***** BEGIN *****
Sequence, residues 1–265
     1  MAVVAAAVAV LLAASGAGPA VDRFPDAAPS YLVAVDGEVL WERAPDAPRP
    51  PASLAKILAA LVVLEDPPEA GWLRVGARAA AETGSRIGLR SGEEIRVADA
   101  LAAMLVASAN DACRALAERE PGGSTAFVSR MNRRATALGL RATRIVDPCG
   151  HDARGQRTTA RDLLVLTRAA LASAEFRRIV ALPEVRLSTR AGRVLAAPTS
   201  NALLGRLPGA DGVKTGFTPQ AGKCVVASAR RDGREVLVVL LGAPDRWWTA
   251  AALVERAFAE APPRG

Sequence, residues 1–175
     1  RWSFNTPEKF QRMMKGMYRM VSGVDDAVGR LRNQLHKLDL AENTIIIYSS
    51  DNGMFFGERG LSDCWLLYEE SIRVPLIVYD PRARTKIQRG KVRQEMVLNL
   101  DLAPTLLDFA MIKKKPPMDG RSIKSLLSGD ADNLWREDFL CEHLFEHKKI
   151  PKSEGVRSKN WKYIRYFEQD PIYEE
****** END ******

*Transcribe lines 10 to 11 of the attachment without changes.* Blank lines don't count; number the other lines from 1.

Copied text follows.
    51  DNGMFFGERG LSDCWLLYEE SIRVPLIVYD PRARTKIQRG KVRQEMVLNL
   101  DLAPTLLDFA MIKKKPPMDG RSIKSLLSGD ADNLWREDFL CEHLFEHKKI